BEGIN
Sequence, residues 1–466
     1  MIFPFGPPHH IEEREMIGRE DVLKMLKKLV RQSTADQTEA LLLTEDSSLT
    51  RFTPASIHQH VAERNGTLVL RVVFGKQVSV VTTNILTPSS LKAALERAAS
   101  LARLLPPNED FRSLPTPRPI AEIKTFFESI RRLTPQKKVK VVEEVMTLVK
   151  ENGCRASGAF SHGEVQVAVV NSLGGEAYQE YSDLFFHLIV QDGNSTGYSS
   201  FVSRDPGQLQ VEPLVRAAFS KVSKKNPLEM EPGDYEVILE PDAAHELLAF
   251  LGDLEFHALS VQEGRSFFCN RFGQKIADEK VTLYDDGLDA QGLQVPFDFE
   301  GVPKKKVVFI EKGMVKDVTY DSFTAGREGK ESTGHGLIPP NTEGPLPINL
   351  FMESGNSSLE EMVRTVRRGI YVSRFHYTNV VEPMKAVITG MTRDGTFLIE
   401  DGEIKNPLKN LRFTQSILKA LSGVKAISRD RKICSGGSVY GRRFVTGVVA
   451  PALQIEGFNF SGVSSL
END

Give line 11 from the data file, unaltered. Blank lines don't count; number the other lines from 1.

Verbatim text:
   451  PALQIEGFNF SGVSSL